In conclusion brands and their agencies should no longer dismiss content strategy as something the web guys do. It’s at the very heart of modern marketing practice and should be embraced.

Jeremy Baldwin

Jeremy Baldwin is a company director at Bright Blue Day, a full-service design and marketing agency based in Dorset, UK. He is also a keen creeper, regularly exploring old and abandoned buildings.

12 comments on this article

  1. Thanks for adding your voice to the discussion. I have been banging this drum for a while now, and it’s good to have others recognizing that.

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  3. Ann-Marie Grissino on

    I particularly like “content strategist, one that is dedicated to monitoring, aggregating, contributing and shaping content about the brand in all its digital guises. I believe we work toward a model for shaping content strategy…”

    The concept of a content strategist goes beyond web development and marketing. Content strategy also applies to content that is disseminated to users of products or services and distributed in multiple deliverable outputs. The content can include video, audio, graphics, holograms (from another discussion ;-0), and, of course, text. The strategy includes monitoring, aggregating, contributing, and shaping content for all of this as you said.

    Thought-provoking article.

  4. This is quite interesting, Jeremy. Especially because I have been talking and writing about this topic for a while — how to develop content for the buyer’s cycle, for example; for B2B, for integrated communications and marketing, etc.

    Check out the section about the future in this post from June 2008 –, which further expands the same concept I wrote about that May. And, what a coincidence, I came up with a Venn diagram, which admittedly is not very sexy, more than a year ago that looks very similar to yours here –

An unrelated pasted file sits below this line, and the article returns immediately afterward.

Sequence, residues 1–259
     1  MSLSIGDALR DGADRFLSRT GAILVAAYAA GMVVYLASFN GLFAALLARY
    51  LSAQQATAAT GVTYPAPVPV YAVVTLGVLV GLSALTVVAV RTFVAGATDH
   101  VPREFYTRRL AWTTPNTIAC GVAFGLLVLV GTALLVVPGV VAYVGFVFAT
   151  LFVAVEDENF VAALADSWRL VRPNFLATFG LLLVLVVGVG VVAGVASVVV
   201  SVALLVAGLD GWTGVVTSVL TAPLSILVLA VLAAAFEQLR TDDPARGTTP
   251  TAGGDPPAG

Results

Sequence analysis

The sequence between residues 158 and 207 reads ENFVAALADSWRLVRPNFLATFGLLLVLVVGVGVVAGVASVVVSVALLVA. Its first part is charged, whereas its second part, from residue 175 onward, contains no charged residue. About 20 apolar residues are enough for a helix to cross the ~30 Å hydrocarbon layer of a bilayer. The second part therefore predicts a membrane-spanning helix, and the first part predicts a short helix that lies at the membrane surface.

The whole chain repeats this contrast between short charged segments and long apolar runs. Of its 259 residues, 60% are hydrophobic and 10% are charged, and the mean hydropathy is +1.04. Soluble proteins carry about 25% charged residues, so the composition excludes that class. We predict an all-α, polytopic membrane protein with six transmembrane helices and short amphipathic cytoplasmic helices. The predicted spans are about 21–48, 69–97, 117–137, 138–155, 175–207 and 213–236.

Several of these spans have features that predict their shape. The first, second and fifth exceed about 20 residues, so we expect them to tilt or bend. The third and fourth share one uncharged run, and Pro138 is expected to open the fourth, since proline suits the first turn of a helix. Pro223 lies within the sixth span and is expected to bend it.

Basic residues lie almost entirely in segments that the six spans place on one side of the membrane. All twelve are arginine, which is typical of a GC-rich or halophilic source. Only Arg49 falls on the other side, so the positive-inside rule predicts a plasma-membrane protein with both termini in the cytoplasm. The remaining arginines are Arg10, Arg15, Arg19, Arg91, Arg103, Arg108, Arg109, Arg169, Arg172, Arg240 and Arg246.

Of course there are others talking and writing about the topic. Joe Pulizzi at Junta42 comes to mind. Kristina Halvorson at Brain Traffic is another good one.

  5. I’m struck by the paragraph at the end of the article, where the work of the “traditional user experience professional” is related to structuring, organising, managing and creating content. If that would read “the traditional information architecture professional”, I would agree. But in my opinion there’s no more user experience in content strategy than there’s user experience in visual design, or front-end development, or any other activity required to create stuff (= “experiences”) for users.

    In short, user experience and content strategy are both terms that try to reach beyond their limits, and while doing that, empty themselves from any meaning.

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  9. Jeremy,

    Writing as a content strategist (my ‘adapted’ profession for many years) but with my much longer and wider experience of conventional marketing and communications, I very much agree with your concept.. but I think that your model needs a slight tweak.

    At the end of the day people are people and they expect to deal with organisations and brands as human beings regardless of whether they’re opening a newspaper, stepping into a shop, receiving a text, ordering something or communicating online (at home, in the office, on the move – wherever), taking service delivery… the thing that connects all the touch points is consistent content – not technology. Making the experience good, accurate, personal, one that’s expected, something special and delightful… whatever is required – but consistency is base 1 – relies on content that is thought about, planned for, crafted, broken down and managed correctly at every single step of its lifecycle – on any platform, at any time.

    And it’s getting more complicated with semantic expectations and applications. I think content strategy over-arches the content piece and I’d rename the ‘Content Strategy’ part of your model, Content Management and put Content Strategy at its heart.